I don’t like the mall. I’ve never felt safe there. But I knew there would be water, and food, and maybe heat. At least for awhile. We hid the cart in the underground parking garage, way over in one corner, behind the garbage bins under a ramp. I took out what I thought we might need, threw the tarp over the rest, and said a prayer. Then we climbed the smelly concrete stairs into the mall.
Outside it was all roaring wind and snow. Inside there was a totally different kind of roaring and I think it scared me more. So many flashing lights and sounds and overwhelming smells. In the food court people were stuffing their faces with ketchup-y fries and messy burgers, fried chicken, horrible orange sweet and sour sauce, tubs of bubble tea. Maybe they were trying to forget about the mess outside or pass the time while they waited for it to stop, or just filling their bellies while they had the chance. Above the food court, the huge tv screen was showing ads for holiday cruises and anti-aging cream and the latest kind of phones.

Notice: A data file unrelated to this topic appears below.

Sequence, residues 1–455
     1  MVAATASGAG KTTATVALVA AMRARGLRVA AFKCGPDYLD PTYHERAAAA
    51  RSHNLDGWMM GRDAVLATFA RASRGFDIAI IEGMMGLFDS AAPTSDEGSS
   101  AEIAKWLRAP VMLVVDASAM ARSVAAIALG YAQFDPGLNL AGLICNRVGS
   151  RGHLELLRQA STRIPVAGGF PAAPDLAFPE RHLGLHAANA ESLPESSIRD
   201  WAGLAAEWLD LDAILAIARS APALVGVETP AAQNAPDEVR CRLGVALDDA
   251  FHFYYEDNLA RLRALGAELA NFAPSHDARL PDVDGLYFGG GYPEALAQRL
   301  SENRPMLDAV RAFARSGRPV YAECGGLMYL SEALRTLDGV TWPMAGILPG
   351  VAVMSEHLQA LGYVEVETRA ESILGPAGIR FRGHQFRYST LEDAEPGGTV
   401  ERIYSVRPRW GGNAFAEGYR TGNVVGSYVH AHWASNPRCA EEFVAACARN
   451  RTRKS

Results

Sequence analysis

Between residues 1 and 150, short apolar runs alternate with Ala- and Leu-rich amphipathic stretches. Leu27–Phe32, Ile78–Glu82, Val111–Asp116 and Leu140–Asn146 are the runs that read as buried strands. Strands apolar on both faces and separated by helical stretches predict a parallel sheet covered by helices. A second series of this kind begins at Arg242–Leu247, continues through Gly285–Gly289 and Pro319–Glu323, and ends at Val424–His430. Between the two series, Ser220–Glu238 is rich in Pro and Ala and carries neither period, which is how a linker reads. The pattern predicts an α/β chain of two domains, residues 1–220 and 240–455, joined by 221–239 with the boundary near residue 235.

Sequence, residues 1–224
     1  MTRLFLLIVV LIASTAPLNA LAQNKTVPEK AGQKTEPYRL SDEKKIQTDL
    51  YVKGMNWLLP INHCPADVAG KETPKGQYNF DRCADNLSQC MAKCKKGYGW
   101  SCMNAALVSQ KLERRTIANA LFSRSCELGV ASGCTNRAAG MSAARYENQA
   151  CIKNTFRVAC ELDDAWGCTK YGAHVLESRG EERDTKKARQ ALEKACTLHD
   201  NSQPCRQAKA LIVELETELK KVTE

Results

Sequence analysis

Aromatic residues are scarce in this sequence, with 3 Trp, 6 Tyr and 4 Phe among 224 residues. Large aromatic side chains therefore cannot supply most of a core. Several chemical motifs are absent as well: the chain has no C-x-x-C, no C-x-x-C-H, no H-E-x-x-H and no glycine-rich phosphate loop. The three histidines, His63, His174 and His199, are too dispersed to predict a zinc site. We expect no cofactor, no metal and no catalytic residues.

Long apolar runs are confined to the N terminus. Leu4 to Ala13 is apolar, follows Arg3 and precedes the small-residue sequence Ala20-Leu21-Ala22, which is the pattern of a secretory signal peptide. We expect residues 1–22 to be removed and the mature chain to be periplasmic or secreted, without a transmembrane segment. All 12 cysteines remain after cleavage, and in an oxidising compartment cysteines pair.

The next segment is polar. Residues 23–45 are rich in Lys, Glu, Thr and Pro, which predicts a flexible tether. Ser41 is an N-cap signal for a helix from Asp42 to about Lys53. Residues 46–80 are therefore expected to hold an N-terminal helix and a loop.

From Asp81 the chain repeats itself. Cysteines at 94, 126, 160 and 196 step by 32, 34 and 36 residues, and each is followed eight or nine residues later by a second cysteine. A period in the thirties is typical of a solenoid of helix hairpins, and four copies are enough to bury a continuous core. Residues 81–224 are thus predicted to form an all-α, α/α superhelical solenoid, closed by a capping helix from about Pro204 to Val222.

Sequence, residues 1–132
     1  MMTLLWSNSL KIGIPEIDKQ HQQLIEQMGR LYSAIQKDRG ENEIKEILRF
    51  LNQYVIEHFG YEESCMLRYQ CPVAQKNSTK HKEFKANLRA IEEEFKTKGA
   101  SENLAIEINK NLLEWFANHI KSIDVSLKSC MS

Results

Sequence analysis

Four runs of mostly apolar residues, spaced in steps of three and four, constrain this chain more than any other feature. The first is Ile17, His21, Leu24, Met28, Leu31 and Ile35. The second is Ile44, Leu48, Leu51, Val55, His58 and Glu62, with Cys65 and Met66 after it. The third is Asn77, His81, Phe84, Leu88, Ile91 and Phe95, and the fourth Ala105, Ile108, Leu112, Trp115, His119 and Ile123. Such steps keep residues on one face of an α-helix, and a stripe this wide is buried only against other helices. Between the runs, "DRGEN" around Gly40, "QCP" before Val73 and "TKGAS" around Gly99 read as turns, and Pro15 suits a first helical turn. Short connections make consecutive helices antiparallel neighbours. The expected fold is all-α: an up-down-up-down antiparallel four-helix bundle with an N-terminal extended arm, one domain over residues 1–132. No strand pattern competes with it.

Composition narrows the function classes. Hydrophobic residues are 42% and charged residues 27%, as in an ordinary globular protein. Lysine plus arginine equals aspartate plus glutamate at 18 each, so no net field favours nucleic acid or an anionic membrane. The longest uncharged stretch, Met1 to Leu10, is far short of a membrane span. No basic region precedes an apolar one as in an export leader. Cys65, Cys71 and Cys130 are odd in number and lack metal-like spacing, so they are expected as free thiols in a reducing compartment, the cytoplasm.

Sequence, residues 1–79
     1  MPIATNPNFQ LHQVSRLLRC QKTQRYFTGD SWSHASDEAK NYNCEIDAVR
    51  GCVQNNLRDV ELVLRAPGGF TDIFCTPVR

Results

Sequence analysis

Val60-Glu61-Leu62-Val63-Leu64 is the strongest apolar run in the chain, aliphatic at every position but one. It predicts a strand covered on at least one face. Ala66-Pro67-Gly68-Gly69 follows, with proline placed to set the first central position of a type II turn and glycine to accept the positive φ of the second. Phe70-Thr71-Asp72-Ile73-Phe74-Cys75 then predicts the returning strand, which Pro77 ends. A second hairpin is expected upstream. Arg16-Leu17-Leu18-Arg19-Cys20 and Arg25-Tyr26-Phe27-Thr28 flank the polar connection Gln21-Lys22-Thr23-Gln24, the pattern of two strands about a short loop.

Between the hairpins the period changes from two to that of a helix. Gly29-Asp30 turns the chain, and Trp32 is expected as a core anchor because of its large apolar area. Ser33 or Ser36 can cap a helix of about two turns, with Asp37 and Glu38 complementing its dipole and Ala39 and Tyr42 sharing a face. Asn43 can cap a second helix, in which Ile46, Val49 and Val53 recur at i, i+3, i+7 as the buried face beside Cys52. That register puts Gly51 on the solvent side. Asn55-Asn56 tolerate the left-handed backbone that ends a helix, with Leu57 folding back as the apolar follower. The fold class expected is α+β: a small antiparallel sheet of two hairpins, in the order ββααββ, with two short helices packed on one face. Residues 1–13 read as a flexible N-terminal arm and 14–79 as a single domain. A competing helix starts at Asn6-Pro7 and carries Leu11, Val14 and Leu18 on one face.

I’d wanted to be a tv weather girl when I grew up. Grandmother used to let me practice whenever I stayed over at her house. I would stand in front of the big map on the wall in her library and use the yardstick to point to places where I said there were “weather events.” Watch for trends, Grandmother advised. Notice how things are changing.
Grandmother always refused to go to the mall. She said it made her feel dirty. The only time she took me I was seven years old and I begged her to let me see Santa Claus. We waited in line for twenty minutes before she hauled me out by my coat collar and never went back.